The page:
May 16, 2020

Technology, governance and risk:  Navigating the evolving challenges of the manufacturing industry

Technology
Industry 4.0
Brexit
3D Printing
María Cobano-Conde
6 min
Technology, governance and risk
The ever-changing manufacturing industry requires flexibility and an open mind to face both the current challenges and those that the future brings. Wit...

The ever-changing manufacturing industry requires flexibility and an open mind to face both the current challenges and those that the future brings. With the uncertainty of Brexit, this becomes more apparent as companies must reassess their financial management and adoption of digital technologies.

To this end, national and international manufacturers can benefit greatly from premier restructuring, global valuation and corporate finance advisory on disputes and investigations, real estate, regulations and compliance.

Allan Graham, Managing Director at Duff & Phelps’ London office, has been working on the corporate recovery market for over 25 years now. Notably, he worked for one of the ‘Big Four’ accounting firms for 19 years as a Restructuring Partner prior to joining Duff & Phelps, where he acquired a vast knowledge of the manufacturing base in the Midlands.

Currently, he works to assist mid-market corporates and provides advisory support to manufacturing, recruitment, printing and packaging businesses.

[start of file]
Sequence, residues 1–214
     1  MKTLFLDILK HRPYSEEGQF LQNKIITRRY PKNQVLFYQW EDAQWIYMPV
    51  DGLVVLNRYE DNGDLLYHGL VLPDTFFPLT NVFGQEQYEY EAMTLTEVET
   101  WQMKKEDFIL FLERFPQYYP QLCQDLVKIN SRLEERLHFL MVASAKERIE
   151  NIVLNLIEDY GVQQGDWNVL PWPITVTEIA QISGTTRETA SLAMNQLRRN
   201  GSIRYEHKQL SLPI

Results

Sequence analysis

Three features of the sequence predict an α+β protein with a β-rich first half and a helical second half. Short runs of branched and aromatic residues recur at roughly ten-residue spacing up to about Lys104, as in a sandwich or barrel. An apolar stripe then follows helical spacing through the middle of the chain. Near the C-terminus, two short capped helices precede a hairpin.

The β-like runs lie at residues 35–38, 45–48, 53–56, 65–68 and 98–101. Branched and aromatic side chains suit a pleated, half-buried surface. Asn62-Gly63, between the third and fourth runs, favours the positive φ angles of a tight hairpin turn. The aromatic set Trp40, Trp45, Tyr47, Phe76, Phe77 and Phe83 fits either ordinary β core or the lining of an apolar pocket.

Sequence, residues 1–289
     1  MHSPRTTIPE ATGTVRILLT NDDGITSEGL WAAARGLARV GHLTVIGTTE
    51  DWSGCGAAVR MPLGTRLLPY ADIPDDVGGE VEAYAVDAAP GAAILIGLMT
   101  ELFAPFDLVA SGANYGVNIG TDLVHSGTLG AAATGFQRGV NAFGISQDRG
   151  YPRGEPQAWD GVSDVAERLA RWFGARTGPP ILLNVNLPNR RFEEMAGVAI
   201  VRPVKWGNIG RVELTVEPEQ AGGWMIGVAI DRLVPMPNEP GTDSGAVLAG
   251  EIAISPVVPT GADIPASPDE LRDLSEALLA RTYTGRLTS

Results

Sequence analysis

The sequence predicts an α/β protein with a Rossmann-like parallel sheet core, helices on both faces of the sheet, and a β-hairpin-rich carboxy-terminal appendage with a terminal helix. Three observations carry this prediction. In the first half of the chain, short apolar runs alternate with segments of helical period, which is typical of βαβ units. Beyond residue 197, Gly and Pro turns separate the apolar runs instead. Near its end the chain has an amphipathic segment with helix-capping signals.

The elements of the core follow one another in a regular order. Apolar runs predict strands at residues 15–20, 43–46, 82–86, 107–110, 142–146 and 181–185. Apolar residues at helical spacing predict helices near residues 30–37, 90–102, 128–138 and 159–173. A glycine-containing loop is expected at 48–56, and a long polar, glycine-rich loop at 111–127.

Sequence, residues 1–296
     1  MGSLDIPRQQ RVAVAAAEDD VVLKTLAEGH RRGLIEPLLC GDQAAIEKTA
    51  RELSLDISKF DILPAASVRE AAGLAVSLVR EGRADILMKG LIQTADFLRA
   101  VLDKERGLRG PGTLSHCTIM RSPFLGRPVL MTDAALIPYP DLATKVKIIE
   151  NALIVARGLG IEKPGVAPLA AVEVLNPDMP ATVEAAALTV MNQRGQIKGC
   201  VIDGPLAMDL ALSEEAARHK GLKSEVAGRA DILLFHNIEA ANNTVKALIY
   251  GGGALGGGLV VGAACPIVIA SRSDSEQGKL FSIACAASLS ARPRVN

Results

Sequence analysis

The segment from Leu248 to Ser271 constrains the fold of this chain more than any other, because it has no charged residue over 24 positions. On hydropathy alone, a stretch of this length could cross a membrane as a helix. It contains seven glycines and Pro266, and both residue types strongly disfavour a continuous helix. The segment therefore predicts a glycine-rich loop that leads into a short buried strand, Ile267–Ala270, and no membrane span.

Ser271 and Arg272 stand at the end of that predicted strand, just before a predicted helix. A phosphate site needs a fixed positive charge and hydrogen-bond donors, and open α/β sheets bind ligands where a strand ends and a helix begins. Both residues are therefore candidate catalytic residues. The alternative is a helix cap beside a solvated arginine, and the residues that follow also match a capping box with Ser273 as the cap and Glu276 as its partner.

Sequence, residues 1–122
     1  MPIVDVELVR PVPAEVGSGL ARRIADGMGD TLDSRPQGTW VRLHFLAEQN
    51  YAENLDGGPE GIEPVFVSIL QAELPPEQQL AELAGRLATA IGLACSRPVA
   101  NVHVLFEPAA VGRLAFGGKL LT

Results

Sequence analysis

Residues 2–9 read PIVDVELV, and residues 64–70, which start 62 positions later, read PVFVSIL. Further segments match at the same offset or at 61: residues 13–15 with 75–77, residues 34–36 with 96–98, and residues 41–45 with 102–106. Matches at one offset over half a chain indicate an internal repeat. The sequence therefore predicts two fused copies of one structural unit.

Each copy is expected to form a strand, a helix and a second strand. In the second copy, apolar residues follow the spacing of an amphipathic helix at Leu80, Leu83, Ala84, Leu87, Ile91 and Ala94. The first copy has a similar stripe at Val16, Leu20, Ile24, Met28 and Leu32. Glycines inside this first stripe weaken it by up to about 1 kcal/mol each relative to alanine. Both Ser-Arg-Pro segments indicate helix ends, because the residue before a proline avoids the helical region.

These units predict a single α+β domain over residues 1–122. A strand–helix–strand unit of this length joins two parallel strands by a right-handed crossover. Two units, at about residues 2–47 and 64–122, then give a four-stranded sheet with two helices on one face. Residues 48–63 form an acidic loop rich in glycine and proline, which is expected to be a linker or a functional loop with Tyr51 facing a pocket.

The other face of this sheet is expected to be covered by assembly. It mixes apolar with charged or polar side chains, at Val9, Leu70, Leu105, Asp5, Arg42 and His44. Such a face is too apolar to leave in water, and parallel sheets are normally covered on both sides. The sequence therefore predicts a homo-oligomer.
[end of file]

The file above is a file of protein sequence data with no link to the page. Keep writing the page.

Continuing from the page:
“UK manufacturing is thriving, it’s the world’s eighth largest industrial nation,” starts Graham, “some projections indicate that by 2021, we could very well be in the top five, which is staggering. Its contribution to the UK economy is equally impressive, as it makes up 44% of all UK exports, 70% of business R&D investment and directly employs 2.6mn people”.

Graham has good reason to support this belief. “According to the Office for National Statistics (ONS), that means the UK’s industrial sector has grown 1.4% year-on-year since 1948,” he says. “The ONS itself puts that down to a better-skilled workforce, a shift in production from low to high productivity goods, improvements in technology and increased investment in R&D”.

For Graham, this idyllic picture is counterbalanced by the forward-looking and inter-related challenges manufacturers face in today’s market. “The UK manufacturing sector is not as productive as some of our competitors. On every measurement, the UK productivity levels have been a consistent challenge over the past decade, and this is not just in the manufacturing sector, but services too. In recent months, this does appear to be reversing but it remains a major challenge all the same”.